Having some trouble deciding where to go for your ChinaTEFLer experience? Then this article is just for you!
Beijing is the heart of China, and has a fantastic history that stretches back over 3 millennia; meaning you will never be lost for something new to discover or do. From the National Museum of China that displays a vast and fascinating collection of ancient, cultural relics, to the Great Wall of China; a famous architectural site, containing some of the world’s greatest historical stories – Beijing is perfect for anyone with an interest in breath-taking places. In addition to this, the magnificent city is also home to many scenic areas such as Shichahai – a stunning National Park, located near to the Forbidden City – well-suited for anyone with a passion for beautiful locations and rich history.
Located on China’s central coast, and the country’s biggest city with a population of over 24 million, Shanghai has been described as the ‘showpiece’ of the booming economy that encompasses China. Due to this, it is an easy integration for any urban-dwellers, meaning it is very unlikely for you to become homesick during the first unfamiliar months in this new country. It is one of the few cities that openly invokes a sense of wonder and mystery; inviting to those both old-worldly or otherwise as it has a mix of modern and colonial structures.
Hangzhou is the very definition of beauty; boasting glorious gardens, peaceful parks, it is home to the wonderful West Lake; making it an ideal city to choose for those who admire the finer things in life. With extensive underground transport links, Hangzhou is also great for those willing to explore one of the busiest cities in China. It is conveniently connected to many surrounding cities, meaning you are not limited to one place and you can discover the nearby areas. The city’s large population means that a friendly, helping hand is never far away!
Along with Hangzhou, Suzhou is regarded as one of the most beautiful cities in China. It is best known for its coursing canals, bridges and classical ornate gardens; The Humble Administrator’s Garden boasts all the above while also showcasing itself as a World Heritage Site. Suzhou Opera is a renowned cultural attraction that has been described as ‘incredibly touching’ and ‘remarkable’. Known as Kunqu in China, this is one attraction that you simply cannot afford to miss. Including silk museums, embroidery, Chinese art and antiquities Suzhou is a fantastic city for those who desire a more relaxed and culture-central time away.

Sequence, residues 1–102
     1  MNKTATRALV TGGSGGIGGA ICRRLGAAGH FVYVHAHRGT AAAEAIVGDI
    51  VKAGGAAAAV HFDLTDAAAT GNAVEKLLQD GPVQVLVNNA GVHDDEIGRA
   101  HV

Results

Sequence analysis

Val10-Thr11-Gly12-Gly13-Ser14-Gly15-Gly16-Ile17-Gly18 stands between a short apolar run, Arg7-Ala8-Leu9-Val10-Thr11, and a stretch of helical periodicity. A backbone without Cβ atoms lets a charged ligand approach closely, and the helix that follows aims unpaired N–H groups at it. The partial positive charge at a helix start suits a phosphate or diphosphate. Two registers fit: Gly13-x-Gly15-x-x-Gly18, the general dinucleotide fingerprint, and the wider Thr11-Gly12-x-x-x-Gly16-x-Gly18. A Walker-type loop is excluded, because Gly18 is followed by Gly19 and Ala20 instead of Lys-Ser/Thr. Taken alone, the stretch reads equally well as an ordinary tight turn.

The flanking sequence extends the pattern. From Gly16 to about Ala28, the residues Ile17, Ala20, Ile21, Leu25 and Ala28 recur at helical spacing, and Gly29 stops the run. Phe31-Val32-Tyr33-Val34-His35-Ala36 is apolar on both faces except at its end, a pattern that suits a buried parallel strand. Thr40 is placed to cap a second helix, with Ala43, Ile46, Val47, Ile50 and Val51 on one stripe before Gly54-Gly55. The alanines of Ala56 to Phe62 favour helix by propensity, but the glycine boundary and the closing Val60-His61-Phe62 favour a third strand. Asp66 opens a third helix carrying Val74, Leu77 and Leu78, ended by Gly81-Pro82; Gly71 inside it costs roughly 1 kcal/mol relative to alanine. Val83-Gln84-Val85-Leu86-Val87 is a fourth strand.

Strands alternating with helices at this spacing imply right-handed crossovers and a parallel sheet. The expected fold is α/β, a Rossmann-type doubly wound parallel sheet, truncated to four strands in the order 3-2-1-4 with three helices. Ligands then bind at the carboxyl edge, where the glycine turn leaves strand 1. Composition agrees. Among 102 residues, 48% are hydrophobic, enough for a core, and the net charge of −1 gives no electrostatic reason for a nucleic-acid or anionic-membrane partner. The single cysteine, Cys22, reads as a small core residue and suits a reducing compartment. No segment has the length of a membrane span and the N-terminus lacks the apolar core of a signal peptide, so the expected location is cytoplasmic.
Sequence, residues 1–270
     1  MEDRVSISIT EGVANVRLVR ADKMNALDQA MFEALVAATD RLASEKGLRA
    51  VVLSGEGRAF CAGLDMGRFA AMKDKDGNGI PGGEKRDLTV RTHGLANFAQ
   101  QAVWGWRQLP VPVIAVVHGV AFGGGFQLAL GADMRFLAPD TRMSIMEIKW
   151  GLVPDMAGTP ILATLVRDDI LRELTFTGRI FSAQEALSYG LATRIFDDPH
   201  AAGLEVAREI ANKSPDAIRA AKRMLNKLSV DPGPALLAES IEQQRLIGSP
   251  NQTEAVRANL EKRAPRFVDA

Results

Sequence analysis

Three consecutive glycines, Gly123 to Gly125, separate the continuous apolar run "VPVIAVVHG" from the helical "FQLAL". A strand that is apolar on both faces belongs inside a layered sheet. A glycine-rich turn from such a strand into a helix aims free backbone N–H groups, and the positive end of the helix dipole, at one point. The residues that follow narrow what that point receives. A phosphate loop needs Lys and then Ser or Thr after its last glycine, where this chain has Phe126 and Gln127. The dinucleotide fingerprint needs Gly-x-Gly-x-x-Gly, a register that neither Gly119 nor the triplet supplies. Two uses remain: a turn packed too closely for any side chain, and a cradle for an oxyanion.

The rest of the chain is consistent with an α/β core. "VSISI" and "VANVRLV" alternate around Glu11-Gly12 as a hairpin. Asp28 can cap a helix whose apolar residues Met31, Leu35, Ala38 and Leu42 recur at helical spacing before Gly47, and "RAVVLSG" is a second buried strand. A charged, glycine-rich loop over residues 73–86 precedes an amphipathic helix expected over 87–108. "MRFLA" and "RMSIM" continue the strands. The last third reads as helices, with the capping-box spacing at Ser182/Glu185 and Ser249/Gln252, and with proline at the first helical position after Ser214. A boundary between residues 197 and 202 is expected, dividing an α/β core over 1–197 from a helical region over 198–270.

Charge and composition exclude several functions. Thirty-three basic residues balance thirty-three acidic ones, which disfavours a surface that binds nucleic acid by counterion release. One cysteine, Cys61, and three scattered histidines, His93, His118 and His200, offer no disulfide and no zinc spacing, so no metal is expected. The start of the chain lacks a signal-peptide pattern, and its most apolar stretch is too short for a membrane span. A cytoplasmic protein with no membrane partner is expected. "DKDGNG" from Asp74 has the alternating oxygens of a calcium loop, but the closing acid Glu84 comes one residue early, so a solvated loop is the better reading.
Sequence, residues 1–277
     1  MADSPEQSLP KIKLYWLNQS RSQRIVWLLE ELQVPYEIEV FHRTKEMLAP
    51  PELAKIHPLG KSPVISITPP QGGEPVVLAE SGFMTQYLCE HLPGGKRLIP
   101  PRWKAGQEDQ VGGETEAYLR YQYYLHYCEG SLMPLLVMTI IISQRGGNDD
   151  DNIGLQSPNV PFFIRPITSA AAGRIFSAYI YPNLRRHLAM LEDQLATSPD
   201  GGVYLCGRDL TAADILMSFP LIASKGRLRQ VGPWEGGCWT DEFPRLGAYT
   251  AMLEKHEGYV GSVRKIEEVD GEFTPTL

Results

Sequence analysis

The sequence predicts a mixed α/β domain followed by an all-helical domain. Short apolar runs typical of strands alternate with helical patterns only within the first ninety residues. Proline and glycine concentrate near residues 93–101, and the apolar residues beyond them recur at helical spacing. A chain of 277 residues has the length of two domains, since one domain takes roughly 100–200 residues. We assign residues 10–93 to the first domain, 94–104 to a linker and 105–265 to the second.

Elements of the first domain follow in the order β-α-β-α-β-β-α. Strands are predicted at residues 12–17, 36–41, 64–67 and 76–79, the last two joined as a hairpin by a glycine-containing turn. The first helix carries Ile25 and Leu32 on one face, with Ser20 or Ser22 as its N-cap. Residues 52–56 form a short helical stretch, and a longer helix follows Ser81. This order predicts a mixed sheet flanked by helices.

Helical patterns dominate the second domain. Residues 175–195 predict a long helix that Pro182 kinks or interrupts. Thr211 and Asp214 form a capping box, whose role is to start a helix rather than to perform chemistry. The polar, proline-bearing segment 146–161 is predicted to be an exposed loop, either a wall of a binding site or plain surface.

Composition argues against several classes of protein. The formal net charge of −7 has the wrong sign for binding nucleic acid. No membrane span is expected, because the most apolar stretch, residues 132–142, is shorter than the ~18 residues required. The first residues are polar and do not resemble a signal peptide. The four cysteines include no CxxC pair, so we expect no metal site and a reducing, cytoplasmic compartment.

One of the oldest cities in China, Xi’an is home to many ancient sites that people with historical interests are sure to find intriguing. Some of these include: tombs of the Zhou Dynasty, the Terracotta Army and towering temples such as the Famen Temple. Not only are they simply fascinating, they also serve as a glimpse back through time. A Muslim corner containing an expanse of twisting lanes and a variety of stalls acts as a Muslim hub, of which ten mosques reside, the most famous being the Great Mosque. Along with these magnificent sites, Xi’an is also famous for its culinary dishes like the speciality lamb, noodles and kabobs; all of which beg to be tasted.
Nanjing is the major center for culture, politics and tourism in China, and previously served as capital during several historic periods. Symbolic remains such as the Zhonghua Gate serve as reminders into the rich history of the city. This gate has the most complex gate structure in the world and was built as a defense on the city wall of Nanjing; a location that is rarely visited but for no good reason as it is simply wondrous. The city is more relaxed and much slower than locations such as Beijing, with locals whom are friendly and helpful. Nanjing is the perfect city for those who desire a slower-paced and calmer living area.
Most famously known for being home to the endangered panda’s conservation centre – open to visitors – Chengdu is a modern city also showcasing a huge shopping centre containing hotels and a water park. Not only is it famous for its pandas, it is also famous for its cuisine, having been named a UNESCO city of Gastronomy in 2010. Some of the city’s most popular dishes include kung pao chicken, dry-fried green beans and twice-cooked pork. These dishes just beg to be tasted, so if nothing else, Chengdu is a brilliant place to choose based purely on food. Along with the modernised locations and food, there are a few remaining pockets of ancient China residing within the city; some small teahouses and cottages scattered around. To choose this location would be to choose a life of leisure.
Chongqing is a sprawling city containing the well-known and grand Great Hall of the People which is used to hold cultural events as well as being a landmark that stands tall above the rest of the surroundings. The city is famous for its hot springs and spas, some more than a century old, but all the same worth a visit. It encompasses a wealth of natural beauty; showcasing dense forests and picturesque surroundings. Flowing through Chongqing is the Yangtze river – the third longest in the world and home to the Three Gorges Dam Project; the world’s largest hydro-power project.
Guiyang is renowned for its colourful and abundant culture and being home to many various minorities that all coexist in harmony. This city is one of peace and ease with rolling hills, exquisite lakes and a relaxed climate; any rural-dwellers are sure to feel at home here. The Huangguoshu waterfall – the biggest and most famous in Asia – is sure to make a lasting impression on any travellers along with the Dragon Palace Cave that is a brilliant underground cave network characterised by its sinkholes. Finally, the transport system has recently been dramatically changed with the new launch of high-speed trains, so getting from place to place is no longer any issue.